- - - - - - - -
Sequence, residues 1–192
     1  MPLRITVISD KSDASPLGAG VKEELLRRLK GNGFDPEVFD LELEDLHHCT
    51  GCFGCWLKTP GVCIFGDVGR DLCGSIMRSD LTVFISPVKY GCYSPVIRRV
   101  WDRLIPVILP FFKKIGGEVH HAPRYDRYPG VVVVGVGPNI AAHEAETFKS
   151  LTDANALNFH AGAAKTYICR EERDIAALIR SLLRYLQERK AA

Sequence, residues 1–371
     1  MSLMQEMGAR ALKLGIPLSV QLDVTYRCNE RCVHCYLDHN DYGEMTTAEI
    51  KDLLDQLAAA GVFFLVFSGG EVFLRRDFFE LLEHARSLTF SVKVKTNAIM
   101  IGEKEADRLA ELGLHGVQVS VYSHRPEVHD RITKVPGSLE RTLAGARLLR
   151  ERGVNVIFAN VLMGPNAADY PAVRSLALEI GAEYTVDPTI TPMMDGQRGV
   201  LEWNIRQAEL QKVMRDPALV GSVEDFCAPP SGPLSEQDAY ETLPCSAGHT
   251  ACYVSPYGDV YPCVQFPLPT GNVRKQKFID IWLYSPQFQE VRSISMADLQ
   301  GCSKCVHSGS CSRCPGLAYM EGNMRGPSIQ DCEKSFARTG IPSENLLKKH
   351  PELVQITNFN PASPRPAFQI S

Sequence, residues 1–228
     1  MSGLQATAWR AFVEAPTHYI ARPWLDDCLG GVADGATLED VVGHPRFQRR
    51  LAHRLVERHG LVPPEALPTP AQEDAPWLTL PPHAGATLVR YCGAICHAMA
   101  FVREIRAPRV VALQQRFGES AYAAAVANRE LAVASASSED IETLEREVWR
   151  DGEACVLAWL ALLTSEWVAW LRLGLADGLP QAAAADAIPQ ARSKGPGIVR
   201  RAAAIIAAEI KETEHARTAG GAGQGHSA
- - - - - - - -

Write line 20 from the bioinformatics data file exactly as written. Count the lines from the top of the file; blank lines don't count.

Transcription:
   201  RAAAIIAAEI KETEHARTAG GAGQGHSA